While it has long been understood that the circulation of discourse, bodies, artifacts, and ideas plays an important constitutive force in our cultures and communities, circulation, as a concept and a phenomenon, has been underexamined in studies of rhetoric and writing. In an effort to give circulation its rhetorical due, Circulation, Writing, and Rhetoric introduces a wide range of studies that foreground circulation in both theory and practice. Contributors to the volume specifically explore the connections between circulation and public rhetorics, urban studies, feminist rhetorics, digital communication, new materialism, and digital research.
Circulation is a cultural-rhetorical process that impacts various ecologies, communities, and subjectivities in an ever-increasing globally networked environment. As made evident in this collection, circulation occurs in all forms of discursive production, from academic arguments to neoliberal policies to graffiti to tweets and bitcoins. Even in the case of tombstones, borrowed text achieves only partial stability before it is recirculated and transformed again. This communicative process is even more evident in the digital realm, the underlying infrastructures of which we have yet to fully understand.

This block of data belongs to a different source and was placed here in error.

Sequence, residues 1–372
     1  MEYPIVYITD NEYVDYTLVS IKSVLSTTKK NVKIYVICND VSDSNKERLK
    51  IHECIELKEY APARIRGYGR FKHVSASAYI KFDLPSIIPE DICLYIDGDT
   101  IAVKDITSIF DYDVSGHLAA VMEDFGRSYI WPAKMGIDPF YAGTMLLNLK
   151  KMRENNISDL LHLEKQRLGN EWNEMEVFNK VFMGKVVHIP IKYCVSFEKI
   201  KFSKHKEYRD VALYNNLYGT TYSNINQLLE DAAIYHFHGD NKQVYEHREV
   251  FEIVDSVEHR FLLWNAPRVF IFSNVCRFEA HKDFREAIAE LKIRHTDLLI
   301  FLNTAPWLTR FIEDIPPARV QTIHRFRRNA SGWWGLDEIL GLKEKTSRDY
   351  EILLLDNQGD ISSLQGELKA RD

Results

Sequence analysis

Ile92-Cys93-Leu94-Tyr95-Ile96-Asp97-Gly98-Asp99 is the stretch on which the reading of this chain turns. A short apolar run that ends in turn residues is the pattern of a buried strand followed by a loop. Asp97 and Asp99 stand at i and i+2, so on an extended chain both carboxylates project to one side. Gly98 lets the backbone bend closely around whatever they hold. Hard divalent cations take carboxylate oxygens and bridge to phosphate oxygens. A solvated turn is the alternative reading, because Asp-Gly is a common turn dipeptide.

As public spaces become more and more saturated with circulating texts and images and as networked relations come to the center of rhetorical focus, Circulation, Writing, and Rhetoric will be a vital interdisciplinary resource for approaching the contemporary dynamics of rhetoric and writing.
Contributors: Aaron Beveridge, Casey Boyle, Jim Brown, Naomi Clark, Dànielle Nicole DeVoss, Rebecca Dingo, Sidney I. Dobrin, Jay Dolmage, Dustin Edwards, Jessica Enoch, Tarez Samra Graban, Byron Hawk, Gerald Jackson, Gesa E. Kirsch, Heather Lang, Sean Morey, Jenny Rice, Thomas Rickert, Jim Ridolfo, Nathaniel A. Rivers, Jacqueline Jones Royster, Donnie Johnson Sackey, Michele Simmons, Dale M. Smith, Patricia Sullivan, John Tinnell, Kathleen Blake Yancey